Places of interest
Things to see and do...
St Ernies Homestead

This building is significant as the farm homestead of early settler T.H. Parsons.

The isolated settlement was selected in the 1870's and is at the confluence of several tributaries of the Warren River.

It has also been associated with the Wheatley family and has a beautiful setting above a stream.

The name derives from the Parish Church of St Erney Landrake Cornwall.

A number of renovations have been made to the original mud-brick rooms.

Unfortunately the St Ernies homestead is now in a sad state of disrepair due to vandalism and lack of interest by government departments in any restoration or management of the building.

More info and directions

To get to St Erney's Homestead drive 6km north along Wheatley Coast Road out from Quinninup, turn left at Parsons Road. Follow this gravel track for approximately 2.2kms and you will arrive at the old mud brick cottage.

In 1910 three room were built with substantial pise walls with a verandah and entrance on the north and skillion rooms on the south. The latter were replaced in 1945 by a large timber extension of four rooms, verandah, toilet, bedroom and a glass enclosed verandah on the west.

In recent years the cottage has been rented with a family living in it until about 2000. Unfortunately, it is now is a state of disrepair.

St Erney's is now on Department of Environment and Conservation land, set amongst state forest and pine plantation.

Return to Wheatley Coast Road via the same method along Parsons Road. Take care on all roads in the area as they are regularly used by trucks and heavy machinery.

Download the Heritage Council of WA Register of Heritage Places - Assessment documentation for St Erney's

Nature Walk Trails

Unique worldwide, the Karri and Jarrah forests of the South West of Western Australia are filled with a fascinating diversity of flora and fauna.

There are three walk trails to enable visitors to experience first hand the wonders of nature in our surroundings.

The Quinninup Eco Museum, (located next to the Community Centre) provides visitors with an extensive background to the area starting back in the Cryptozoic era, some 4,600 years ago, right up to the present day.

Walk Trail maps and guides are available from the Post Office, the Library and the the information.

Click the boxes below for more info on each walk.

Karri Lake Walk

Situated: 150m from the corner of Wheatley Coast Road and Karri Lane

Distance: 0.6 km return, follow timber arrows from sign.

Difficulty: Easy

Duration: 30 minutes plus

Best: Winter and spring (Jun - Dec)

Special Features This is a relaxing and pleasant walk around Karri Lake, enjoy a picnic at the water side underneath the trees. The views at sunset are spectacular across the water catching the reflections of the trees and clouds in the water.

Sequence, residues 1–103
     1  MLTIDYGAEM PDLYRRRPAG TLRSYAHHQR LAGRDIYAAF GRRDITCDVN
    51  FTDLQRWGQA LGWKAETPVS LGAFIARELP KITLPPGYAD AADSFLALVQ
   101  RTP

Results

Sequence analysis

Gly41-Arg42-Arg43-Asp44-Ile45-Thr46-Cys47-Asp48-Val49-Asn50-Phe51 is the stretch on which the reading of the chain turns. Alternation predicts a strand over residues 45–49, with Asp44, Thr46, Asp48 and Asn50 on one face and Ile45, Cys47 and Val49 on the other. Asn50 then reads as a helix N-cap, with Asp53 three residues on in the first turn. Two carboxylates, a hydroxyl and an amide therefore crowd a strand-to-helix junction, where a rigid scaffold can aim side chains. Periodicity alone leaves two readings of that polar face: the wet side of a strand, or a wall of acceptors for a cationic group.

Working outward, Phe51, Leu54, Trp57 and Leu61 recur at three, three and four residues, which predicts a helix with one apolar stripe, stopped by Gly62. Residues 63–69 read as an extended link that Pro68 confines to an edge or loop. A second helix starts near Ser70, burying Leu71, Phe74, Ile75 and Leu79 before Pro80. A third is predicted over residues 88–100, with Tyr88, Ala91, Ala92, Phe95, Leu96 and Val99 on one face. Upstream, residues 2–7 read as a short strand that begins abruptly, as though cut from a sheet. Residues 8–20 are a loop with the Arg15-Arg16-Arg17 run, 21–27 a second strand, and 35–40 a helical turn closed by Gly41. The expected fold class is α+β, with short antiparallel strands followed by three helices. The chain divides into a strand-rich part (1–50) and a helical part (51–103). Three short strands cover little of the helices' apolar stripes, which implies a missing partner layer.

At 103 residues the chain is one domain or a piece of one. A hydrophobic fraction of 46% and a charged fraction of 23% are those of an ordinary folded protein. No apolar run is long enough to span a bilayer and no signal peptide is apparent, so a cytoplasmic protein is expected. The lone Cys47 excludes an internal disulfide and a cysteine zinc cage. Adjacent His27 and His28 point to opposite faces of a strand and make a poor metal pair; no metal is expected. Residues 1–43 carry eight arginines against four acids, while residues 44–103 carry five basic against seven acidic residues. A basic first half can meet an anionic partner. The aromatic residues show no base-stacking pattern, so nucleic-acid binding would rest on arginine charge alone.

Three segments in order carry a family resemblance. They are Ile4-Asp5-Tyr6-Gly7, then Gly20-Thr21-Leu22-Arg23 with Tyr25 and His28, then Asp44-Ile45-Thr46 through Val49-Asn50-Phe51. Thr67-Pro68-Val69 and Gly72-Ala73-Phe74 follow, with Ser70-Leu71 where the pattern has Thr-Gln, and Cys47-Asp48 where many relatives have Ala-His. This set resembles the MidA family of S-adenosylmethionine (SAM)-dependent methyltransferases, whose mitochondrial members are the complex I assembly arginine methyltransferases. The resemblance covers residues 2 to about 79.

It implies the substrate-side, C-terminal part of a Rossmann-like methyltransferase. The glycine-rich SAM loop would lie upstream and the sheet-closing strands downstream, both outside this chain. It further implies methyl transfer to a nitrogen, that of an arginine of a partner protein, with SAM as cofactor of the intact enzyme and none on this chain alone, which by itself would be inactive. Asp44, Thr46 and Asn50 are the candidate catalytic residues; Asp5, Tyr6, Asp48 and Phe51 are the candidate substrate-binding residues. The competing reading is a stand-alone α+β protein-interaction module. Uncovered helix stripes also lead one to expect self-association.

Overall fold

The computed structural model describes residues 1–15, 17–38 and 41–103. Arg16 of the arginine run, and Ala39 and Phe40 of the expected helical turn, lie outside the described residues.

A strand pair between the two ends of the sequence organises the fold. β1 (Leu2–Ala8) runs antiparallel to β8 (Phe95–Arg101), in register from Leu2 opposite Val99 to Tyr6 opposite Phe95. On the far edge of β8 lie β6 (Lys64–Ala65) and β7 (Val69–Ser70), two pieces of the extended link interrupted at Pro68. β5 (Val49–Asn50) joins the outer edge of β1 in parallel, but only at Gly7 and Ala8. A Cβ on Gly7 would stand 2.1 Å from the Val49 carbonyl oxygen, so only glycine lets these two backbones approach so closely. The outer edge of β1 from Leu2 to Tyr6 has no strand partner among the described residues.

Orchid Walk

Situated: About 1.5 km east of Quinninup, off Karri Lane

Distance: 5 km return, follow the arrows from sign.

Difficulty: Easy

Duration: 1½ hours plus

Best: Late winter to late spring (Jul - Nov)

Special Features The Orchid Walk displays many of the 40 orchid species found around Quinninup. In winter and spring the careful observer may see Spider, Helmet, Snail, Flying Duck, Hammer and Bird orchids flowering along the side of the trail. Other orchid species in the area include Pink Fairy, Cowslip, Slipper, Donkey, Purple Enamel, Pink Enamel, White Bunny, Lilac Sun and Blue Lady. The trail traverses part of the ancient Palaeozoic (400 million years) water drainage system which transects the Quinninup area and features many gondwanan flora species such as banksia, hakea, grevillea, adenanthos and dryandra. Many colourful flora species are restricted to this walk and differ substantially from the adjoining forest under-storey.

King Karri Walk

Situated: About 1 km south of Quinninup, off Wheatley Coast Road

Distance: 4 km return, follow the arrows from sign.

Difficulty: Easy to moderate

Duration: 1 hour plus

Best: Winter and spring (Jun - Dec)

Special Features This walk features Eucalyptus diversicolor, commonly known as the Karri. It is a eucalypt which is native to the wetter regions of south west of Western Australia. These giant ancient trees grow to over 90 metres (295 feet) making it one of the tallest species in the world. The local giant ancient karri forests have under-storey creepers including white clematis, purple hardengergia and red coral vine, which all flower in spring. Winter is the best time to discover many of the 18 families of macro-fungi found around Quinninup. These exhibits a wide variety of colour and form, from huge bracket fungi attached to tree trunks to microscopic green and orange toadstools on decomposing bark. Mosses, lichens, liverworts and ferns are abundant in late winter. Two of the larger karri trees are marked and named by the locals as, "The Shaggy Karri" and "The Hollow Butt".

Munda Biddi Cycle Trail

The Munda Biddi Trail is fast becoming a first class nature-based off-road cycling experience and fast becoming a "World Top 10 Ride".

Munda Biddi means 'path through the forest' in the local Noongar Aboriginal language.

South-West WA is recognised as a global biodiversity hotspot where you will discover plants and wildlife found nowhere else.